AK is often associated with wearing contacts in pools or hot tubs. This parasitic corneal infection can cause vision loss or even blindness. Contact lens wearers need to be careful in water because contacts provide a place for bacteria and other microbes to grow.

Contact lens wearers may also experience more irritation and corneal damage from pool chemicals. Opening your eyes underwater in a chlorinated swimming pool while wearing contacts can damage the eyes. This is because the contacts absorb the chlorine, causing extended contact with the surface of the eye.

Can you open your eyes underwater after LASIK?

You should not open your eyes underwater after LASIK. If you’ve recently had laser eye surgery, your eye surgeon will give you instructions for what to do. And they will also explain what not to do, during the healing period.

For example, your eye surgeon may recommend that you not swim for at least the first six weeks or so after laser eye surgery. You may face a higher risk of waterborne eye infections while your eyes are healing. Plus, even wearing swim goggles during this period could delay the healing process.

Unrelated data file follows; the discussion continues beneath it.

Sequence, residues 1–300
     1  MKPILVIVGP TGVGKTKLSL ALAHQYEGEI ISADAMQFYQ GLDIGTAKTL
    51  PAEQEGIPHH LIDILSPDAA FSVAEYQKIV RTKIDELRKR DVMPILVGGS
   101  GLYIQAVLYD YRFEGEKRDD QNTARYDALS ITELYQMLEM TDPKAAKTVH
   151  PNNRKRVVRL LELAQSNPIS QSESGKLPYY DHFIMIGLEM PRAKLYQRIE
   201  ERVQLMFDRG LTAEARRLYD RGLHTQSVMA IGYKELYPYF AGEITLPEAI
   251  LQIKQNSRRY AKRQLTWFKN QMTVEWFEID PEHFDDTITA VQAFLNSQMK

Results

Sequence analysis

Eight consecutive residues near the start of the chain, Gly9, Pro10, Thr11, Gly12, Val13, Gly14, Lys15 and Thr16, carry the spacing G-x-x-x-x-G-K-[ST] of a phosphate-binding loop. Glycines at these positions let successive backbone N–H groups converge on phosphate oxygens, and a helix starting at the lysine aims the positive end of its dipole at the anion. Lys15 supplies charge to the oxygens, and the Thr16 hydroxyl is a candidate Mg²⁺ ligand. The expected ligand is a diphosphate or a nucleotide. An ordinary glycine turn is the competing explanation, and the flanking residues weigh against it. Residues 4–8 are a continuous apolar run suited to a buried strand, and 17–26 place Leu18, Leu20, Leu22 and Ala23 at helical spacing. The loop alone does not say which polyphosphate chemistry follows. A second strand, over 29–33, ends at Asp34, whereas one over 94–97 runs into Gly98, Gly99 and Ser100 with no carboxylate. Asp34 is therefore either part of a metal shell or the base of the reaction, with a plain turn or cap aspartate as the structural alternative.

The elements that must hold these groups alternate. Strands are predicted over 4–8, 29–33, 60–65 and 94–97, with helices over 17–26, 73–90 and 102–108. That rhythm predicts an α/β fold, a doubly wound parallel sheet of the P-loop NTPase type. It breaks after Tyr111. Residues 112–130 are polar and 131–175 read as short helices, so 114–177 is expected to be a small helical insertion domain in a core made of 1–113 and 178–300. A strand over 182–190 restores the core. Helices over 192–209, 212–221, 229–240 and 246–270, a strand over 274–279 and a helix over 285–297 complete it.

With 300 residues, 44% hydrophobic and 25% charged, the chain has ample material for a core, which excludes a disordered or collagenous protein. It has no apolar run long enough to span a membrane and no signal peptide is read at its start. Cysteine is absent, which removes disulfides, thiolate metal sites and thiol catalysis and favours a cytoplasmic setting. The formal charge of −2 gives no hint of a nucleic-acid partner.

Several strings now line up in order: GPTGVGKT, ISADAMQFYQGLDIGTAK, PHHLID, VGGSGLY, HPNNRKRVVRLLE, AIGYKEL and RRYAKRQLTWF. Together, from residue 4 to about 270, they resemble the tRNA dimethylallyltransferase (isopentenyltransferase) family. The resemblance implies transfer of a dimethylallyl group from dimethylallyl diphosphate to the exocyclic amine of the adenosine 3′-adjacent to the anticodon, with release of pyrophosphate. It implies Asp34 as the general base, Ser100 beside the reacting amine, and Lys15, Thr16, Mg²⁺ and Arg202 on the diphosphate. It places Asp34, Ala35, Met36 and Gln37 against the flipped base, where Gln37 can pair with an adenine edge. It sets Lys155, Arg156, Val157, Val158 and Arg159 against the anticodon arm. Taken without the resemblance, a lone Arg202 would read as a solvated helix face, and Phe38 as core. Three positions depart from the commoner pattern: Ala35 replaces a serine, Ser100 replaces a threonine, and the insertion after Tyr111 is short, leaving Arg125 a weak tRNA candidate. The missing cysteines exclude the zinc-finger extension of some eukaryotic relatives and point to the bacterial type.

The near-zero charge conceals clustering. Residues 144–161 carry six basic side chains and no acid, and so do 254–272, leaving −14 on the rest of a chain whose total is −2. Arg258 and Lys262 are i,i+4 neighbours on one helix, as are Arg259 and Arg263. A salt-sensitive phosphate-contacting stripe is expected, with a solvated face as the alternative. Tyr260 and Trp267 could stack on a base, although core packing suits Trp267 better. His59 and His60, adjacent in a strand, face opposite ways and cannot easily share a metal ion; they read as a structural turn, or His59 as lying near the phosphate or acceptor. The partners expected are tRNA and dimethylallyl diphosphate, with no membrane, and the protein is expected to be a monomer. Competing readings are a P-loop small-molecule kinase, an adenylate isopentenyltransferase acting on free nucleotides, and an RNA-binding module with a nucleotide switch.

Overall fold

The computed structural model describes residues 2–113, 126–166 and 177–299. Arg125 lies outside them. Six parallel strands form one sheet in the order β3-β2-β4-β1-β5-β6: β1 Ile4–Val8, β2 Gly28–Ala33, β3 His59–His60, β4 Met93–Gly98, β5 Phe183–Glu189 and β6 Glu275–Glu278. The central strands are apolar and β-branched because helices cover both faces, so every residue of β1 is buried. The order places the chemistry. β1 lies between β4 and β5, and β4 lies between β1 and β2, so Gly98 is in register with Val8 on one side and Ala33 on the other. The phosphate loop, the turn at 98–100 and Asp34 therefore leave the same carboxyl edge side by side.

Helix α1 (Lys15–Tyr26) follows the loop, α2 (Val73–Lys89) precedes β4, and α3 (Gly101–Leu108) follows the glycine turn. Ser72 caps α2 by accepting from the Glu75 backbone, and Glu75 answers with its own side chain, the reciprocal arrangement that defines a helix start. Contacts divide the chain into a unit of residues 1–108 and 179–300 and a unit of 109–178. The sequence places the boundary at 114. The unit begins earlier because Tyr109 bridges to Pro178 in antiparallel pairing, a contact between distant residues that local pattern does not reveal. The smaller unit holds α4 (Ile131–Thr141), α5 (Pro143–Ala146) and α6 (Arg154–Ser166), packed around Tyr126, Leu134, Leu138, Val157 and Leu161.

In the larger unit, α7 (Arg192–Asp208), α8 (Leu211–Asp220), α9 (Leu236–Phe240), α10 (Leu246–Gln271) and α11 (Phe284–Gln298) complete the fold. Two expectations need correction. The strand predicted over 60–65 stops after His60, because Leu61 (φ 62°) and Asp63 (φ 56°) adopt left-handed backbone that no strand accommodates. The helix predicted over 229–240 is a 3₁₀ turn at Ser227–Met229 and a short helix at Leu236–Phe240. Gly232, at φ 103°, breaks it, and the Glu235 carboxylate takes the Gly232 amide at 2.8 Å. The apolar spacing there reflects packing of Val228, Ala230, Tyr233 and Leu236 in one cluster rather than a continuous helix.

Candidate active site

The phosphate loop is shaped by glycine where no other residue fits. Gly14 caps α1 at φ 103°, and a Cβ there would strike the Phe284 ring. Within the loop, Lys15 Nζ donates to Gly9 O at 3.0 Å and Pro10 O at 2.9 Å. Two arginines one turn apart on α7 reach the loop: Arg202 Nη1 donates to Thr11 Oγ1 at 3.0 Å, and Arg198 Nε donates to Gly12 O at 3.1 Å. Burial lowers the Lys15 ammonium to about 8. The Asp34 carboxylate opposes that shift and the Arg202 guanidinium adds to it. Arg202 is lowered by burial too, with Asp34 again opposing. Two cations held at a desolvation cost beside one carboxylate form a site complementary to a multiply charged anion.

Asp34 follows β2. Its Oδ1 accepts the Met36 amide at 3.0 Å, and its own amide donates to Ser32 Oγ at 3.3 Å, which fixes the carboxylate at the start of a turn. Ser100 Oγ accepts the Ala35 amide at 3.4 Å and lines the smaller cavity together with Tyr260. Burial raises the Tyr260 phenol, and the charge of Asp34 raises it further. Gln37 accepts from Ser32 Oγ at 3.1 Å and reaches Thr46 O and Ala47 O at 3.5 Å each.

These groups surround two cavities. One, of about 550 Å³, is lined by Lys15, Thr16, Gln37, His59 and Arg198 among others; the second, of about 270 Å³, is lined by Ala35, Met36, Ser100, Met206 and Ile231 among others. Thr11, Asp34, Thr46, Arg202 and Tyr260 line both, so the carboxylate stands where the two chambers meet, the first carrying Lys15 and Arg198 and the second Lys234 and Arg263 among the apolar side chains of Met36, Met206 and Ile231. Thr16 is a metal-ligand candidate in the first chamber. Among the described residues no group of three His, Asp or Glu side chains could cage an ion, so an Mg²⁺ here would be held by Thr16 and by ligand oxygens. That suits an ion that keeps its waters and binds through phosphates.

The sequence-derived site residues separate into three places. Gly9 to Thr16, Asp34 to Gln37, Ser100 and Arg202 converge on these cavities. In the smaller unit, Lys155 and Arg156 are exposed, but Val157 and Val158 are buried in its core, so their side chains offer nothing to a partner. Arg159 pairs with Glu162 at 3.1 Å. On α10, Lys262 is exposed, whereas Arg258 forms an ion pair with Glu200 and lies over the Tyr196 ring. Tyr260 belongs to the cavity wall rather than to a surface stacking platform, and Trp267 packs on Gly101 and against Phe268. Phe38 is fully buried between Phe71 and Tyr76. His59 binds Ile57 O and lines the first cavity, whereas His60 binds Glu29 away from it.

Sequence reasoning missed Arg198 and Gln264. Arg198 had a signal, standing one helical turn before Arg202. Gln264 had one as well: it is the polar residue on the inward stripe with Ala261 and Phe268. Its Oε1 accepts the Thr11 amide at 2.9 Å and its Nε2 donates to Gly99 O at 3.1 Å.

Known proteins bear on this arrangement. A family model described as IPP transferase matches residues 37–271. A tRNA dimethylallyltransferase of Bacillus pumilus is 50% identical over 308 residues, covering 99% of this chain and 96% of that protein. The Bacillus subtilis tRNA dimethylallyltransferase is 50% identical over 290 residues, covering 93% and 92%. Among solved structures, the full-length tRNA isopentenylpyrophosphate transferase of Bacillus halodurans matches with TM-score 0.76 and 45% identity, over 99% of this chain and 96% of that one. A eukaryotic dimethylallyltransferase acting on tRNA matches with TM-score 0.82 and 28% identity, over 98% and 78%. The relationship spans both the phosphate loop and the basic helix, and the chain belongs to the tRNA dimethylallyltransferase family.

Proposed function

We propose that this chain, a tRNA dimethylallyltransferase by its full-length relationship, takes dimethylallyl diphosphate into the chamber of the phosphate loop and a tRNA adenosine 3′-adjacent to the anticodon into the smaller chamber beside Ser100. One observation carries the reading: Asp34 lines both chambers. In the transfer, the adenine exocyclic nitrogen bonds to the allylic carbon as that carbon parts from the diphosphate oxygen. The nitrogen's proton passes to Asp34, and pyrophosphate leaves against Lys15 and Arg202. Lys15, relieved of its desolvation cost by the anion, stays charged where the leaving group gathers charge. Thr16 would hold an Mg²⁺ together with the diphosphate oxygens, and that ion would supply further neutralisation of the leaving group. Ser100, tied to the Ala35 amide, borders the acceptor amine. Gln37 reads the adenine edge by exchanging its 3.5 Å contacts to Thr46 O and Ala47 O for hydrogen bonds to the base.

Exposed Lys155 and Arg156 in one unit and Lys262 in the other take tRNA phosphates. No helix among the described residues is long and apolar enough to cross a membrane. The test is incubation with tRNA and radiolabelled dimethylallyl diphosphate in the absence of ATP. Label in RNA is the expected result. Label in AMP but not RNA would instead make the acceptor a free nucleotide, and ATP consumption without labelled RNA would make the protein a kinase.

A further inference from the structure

Talk to your eye doctor about how long to wait before swimming after LASIK or other eye surgery. And as outlined above, don’t open your eyes underwater after LASIK, even after your eyes have healed.

See your eye doctor

If you develop troublesome eye symptoms after swimming, see your eye doctor right away. They can perform an eye exam, diagnose the problem and prescribe the right treatment. And you’ll be back to swimming (with quality swim goggles) in no time.

Notes and References

A review and update on waterborne viral diseases associated with swimming pools. International Journal of Environmental Research and Public Health. January 2019.

Recreational water illnesses. Centers for Disease Control and Prevention. April 2022.

Swimming and eye health. U.S. Masters Swimming. March 2015.

Ask a scientist: underwater eyes. National Eye Institute. January 2015.

Contact lens risks. U.S. Food & Drug Administration. September 2018.

Eyes react to pool water. University of Iowa Hospitals & Clinics. June 2017.

Acanthamoeba keratitis FAQs. Centers for Disease Control and Prevention. November 2010.

Source https://scubaboard.com/community/threads/diving-after-lasik-eye-surgery.951/

Source https://scubaboard.com/community/threads/diving-after-cataract-surgery.563544/

Source https://www.allaboutvision.com/eye-care/eye-health/opening-eyes-under-water/#:~:text=You%20should%20not%20open%20your%20eyes%20underwater%20after,what%20not%20to%20do,%20during%20the%20healing%20period.